I am keeping out of what is going on between them - I don't know the ins and outs and the only bits I do know is what SIL has told me herself, because she does want to talk about it with me.

baconandeggies Tue 08-Nov-16 12:15:54

Well you can't make her go to the GP, or get her to leave her baby. Unless there's a safeguarding issue I'd say your primary role is to just listen to her and spend time with her if she wants you to.

KateLivesInEngland Tue 08-Nov-16 12:24:35

Don't try to push any opinions on her, just be there for support and help with the house and your niece.
If you suggest you db has contact, even it it truly is for her sanity, she will think your working for him and possibly block you out.

Happybunny19 Tue 08-Nov-16 12:31:22

You can only continue to be there for her as you have been. Perhaps you could offer to come along to the doctor with her and sit outside with dn. Alternatively could you suggest she gets out for a haircut or massage and go along with her and baby to help out. I think you need to go along with her desire to keep baby close, but go with her to sit with dn, where possible.

Noctilucent Tue 08-Nov-16 14:08:43

You clearly mean well, but you think you know better than she does.

You really need to give her support in whichever manner she needs it, not the way in which you think she needs it.

She's had an awful shock and regrettably, even though you are on her side and all that good stuff, you are still her SIL. So the advice is to continue as you are, be her crutch if needed, and give her the space to let her come to her own decision.

Myusernameismyusername Tue 08-Nov-16 17:32:06

Perhaps suggest she asks the health visitor to come round. It might be easier than going out

MatildaTheCat Tue 08-Nov-16 18:48:43

I would offer to go to the GP with her. Poor woman sounds in an awful state. Your db does sound an awful twat though. Surely you wouldn't be actively supporting her to get back with him? Sounds a high risk of him doing it again.

SandyY2K Tue 08-Nov-16 19:02:33

I think if you could see her and offer to stay for a couple of hours while she gets some rest .... even on the sofa while you're in the room that might help.

Maybe ask if she'd like you to cook or do some shopping for her as well.

goddessofsmallthings Tue 08-Nov-16 23:21:59

Why are you so insistent that your SIL 'needs a break' when many single mothers go considerably longer than a week without a break from their baby dcs?

If you've been pushing to look after your dn to give SIL "a break", she may suspect you have a hidden agenda to give your db access to the child, either temporarily or permanently, and if you keep pushing you'll only be adding to her anxiety.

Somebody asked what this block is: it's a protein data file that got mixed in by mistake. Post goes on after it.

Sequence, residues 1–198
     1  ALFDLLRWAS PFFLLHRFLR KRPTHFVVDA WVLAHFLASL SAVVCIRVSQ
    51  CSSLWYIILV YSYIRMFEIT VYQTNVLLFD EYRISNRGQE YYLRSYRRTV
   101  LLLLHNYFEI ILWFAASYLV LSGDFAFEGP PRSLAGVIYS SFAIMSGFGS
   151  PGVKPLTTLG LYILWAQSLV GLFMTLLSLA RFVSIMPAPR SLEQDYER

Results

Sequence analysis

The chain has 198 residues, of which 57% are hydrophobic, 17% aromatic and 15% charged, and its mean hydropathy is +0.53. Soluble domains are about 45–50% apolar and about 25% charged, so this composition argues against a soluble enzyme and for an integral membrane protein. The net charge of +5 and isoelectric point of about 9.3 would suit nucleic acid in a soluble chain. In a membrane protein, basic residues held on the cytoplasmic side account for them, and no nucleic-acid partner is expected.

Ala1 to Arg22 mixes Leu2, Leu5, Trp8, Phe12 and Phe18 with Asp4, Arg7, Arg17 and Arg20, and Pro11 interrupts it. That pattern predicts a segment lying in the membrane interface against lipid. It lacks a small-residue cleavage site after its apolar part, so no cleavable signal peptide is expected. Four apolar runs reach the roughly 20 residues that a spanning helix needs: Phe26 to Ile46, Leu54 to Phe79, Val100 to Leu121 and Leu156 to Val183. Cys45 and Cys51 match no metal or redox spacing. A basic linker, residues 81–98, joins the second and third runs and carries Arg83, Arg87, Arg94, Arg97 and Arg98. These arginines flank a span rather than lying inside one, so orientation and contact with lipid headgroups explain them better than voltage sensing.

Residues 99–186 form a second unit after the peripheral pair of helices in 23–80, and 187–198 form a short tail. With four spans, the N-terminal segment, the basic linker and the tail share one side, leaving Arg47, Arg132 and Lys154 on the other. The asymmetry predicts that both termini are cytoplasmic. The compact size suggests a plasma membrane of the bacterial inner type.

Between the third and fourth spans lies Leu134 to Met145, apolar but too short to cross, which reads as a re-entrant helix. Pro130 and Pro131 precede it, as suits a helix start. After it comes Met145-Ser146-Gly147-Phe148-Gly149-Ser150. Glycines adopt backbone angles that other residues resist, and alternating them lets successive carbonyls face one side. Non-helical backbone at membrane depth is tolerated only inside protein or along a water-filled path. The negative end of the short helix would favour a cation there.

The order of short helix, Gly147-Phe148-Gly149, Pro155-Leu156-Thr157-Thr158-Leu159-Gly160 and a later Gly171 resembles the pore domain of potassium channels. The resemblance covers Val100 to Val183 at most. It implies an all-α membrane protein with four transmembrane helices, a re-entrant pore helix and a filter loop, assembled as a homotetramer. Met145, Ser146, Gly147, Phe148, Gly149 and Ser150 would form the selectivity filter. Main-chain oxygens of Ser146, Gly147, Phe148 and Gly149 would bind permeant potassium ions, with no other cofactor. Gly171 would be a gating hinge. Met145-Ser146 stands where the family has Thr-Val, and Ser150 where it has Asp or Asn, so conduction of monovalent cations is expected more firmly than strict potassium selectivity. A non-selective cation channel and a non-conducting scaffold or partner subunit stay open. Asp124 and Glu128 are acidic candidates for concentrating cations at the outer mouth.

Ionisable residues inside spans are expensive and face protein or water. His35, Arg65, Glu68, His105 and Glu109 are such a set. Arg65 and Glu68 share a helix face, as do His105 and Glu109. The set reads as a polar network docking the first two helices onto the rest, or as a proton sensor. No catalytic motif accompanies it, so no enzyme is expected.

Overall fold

Your db sounds a most unpleasant piece of work; 6 months married and he's'chatted up another woman and has used it to make his dw jealous? Despicable behavour.

Tell your db that if he wants to see his dd he'll have to go through the courts, and tell your SIL that you'll hold her hand and be a listening ear until she can file for divorce in 6 months time.

HeddaGarbled Tue 08-Nov-16 23:40:59

Does she have any family of her own? They may be better placed for giving her a break. Inevitably, she's going to associate you with your brother so she will be wary of leaving her child with you.

I don't think that now is the right time to push for anything. She just needs a lot of support and sympathy right now. Cleaning, laundry, ironing, shopping, cooking, cups of tea and a listening ear are the most useful things for her in the short term.

It sounds like your brother has actually been cruel in regards to her mental health and she may get better once he's out of her life so she may not need medical intervention, just time and to be with people who buoy her up.

I know your motives are good but nagging her about seeing her GP is buying into the construct that your brother has created.

Long term, she may need professional support but it's too soon to say. Give her some time and space.

anxiousnow Tue 08-Nov-16 23:53:03

OP can I just say that I am glad you and your parents are letting DB what a dick he has been. When my H did this to me, his parents and sister didn't offer me or my 4 young children any support. Nothing.

When something like this happens you can't help question yourself and whether you did anything wrong. SIL needs no judgement, no pushing for doctors and definitely not health visitor. She just needs someone to listen while she rants and questions, obsessed and crys. Someone to make her a cuppa and some toast and to help her get all her anger out and agree with her ranting but obviouslyou gently discourage any revenge or other unhealthy ideas. It's a process and pushing any external support won't help. Knowing you are there for her and her daughter will help a lot. Stick with it. I agree with PP that your brother can definitely wait to see his daughter.

anxiousnow Tue 08-Nov-16 23:55:26

Cries* sorry and others have said offering shopping as she may not want to face the world yet.